GraalVM Implementation of Python
This is GraalPy, an implementation of the Python language. A primary goal is to support SciPy and its constituent libraries. GraalPy can usually execute pure Python code faster than CPython (but not when C extensions are involved). GraalPy currently aims to be compatible with Python 3.10, but it is some way from there. While your specific workload may function, any Python program that uses external packages could hit something unsupported. At this point, the Python implementation is made available for experimentation and curious end-users.
The easiest option to try GraalPy is Pyenv, the Python version manager.
It allows you to easily install different GraalPy releases.
To get version 22.3.0, for example, just run
pyenv install graalpy-22.3.0.
To try GraalPy with a full GraalVM, including the support for Java embedding and interop with other languages, you can use the bundled releases from www.graalvm.org.
Another option is to use Conda-Forge.
To get an environment with the latest GraalPy, use
conda create -c conda-forge -n graalpy graalpy.
Building from Source
- mx - a separate Python tool co-developed for GraalVM development. This tool must be
downloaded and put onto your PATH:
git clone https://github.com/graalvm/mx.git export PATH=$PWD/mx:$PATH
The following command will download and install JDKs to built GraalVM upon. If successful, it will print the path to set into your JAVA_HOME.
mx --dy /compiler python-gvm in the
graalpython repository root. If the build is fine, it will print the full
path to the
graalpy executable as the last line of output.
For more information and some examples of what you can do with GraalPy, check out the reference.
Create a Virtual Environment
The best way of using the GraalVM implementation of Python is out of a virtual environment. To do so execute the following command in the project directory:
graalpy -m venv <dir-to-venv>
To activate the environment in your shell session call:
In the venv, multiple executables are available, like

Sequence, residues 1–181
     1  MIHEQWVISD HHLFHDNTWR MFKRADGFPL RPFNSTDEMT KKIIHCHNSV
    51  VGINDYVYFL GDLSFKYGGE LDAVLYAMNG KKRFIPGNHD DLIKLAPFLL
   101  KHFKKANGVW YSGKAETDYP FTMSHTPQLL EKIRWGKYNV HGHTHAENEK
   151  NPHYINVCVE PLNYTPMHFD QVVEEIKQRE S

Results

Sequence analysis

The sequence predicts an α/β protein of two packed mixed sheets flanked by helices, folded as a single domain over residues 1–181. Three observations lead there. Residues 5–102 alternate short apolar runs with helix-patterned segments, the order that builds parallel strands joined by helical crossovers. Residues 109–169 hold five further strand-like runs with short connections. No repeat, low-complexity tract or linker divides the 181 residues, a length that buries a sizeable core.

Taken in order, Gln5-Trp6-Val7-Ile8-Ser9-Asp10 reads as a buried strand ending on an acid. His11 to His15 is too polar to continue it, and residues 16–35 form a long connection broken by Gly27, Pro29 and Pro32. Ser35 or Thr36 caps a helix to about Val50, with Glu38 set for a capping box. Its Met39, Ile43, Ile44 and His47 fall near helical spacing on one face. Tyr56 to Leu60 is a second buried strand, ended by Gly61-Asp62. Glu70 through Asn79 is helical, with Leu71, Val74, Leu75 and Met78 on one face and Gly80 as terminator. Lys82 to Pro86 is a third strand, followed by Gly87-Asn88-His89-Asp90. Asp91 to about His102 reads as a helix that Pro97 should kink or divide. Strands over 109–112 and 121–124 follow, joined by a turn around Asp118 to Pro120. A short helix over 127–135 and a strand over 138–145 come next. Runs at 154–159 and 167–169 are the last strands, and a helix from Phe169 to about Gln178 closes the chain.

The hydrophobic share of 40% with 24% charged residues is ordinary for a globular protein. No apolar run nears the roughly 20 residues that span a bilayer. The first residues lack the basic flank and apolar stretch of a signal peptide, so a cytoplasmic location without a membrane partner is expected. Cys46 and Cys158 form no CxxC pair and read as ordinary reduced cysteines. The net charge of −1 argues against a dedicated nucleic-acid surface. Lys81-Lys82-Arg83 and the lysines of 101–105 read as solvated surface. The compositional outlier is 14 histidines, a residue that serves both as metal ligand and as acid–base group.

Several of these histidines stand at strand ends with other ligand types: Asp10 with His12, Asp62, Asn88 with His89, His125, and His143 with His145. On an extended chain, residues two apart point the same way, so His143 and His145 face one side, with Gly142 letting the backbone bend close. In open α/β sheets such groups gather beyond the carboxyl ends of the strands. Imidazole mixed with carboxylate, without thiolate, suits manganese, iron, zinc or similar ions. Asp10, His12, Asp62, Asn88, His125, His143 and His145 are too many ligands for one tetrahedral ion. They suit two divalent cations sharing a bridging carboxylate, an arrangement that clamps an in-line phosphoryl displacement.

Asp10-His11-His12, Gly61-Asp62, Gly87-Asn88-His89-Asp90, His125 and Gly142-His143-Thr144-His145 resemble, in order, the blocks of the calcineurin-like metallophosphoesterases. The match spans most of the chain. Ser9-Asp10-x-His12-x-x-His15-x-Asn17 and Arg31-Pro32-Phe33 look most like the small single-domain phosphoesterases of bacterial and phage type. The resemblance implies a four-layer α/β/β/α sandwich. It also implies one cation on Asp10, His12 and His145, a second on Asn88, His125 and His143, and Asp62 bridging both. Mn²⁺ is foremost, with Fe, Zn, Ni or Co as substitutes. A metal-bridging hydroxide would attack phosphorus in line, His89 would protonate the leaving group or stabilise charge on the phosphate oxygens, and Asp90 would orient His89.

You should be able to use the
pip command from a GraalPy venv to install packages.
pip ships some patches for packages that we test internally, these will be applied automatically where necessary.
Support for as many extension modules as possible is a high priority for us.
We are actively building out our support for the Python C API to make extensions such as NumPy, SciPy, Scikit-learn, Pandas, Tensorflow and the like work fully.
This means that some might already work, but we're still actively working on compatibility especially with native extensions.
We have a document describing how we implement the cross-language interop. This will hopefully give you an idea how to use it.
We are working on a mode that is "mostly compatible" with some of Jython's features, minus of course that Jython implements Python 2.7 and we implement Python 3.10+. We describe the current status of the compatibility mode here.
If you're thinking about contributing something to this repository, you will need to sign the Oracle Contributor Agreement for us to able to merge your work. Please also take note of our code of conduct for contributors.
To get you started, we have written a bit about the structure of this interpreter that should show how to fix things or add features.
This GraalVM implementation of Python is copyright (c) 2017, 2019 Oracle and/or its affiliates and is made available to you under the terms the Universal Permissive License v 1.0 as shown at https://oss.oracle.com/licenses/upl/. This implementation is in part derived from and contains additional code from 3rd parties, the copyrights and licensing of which is detailed in the LICENSE and THIRD_PARTY_LICENSE files.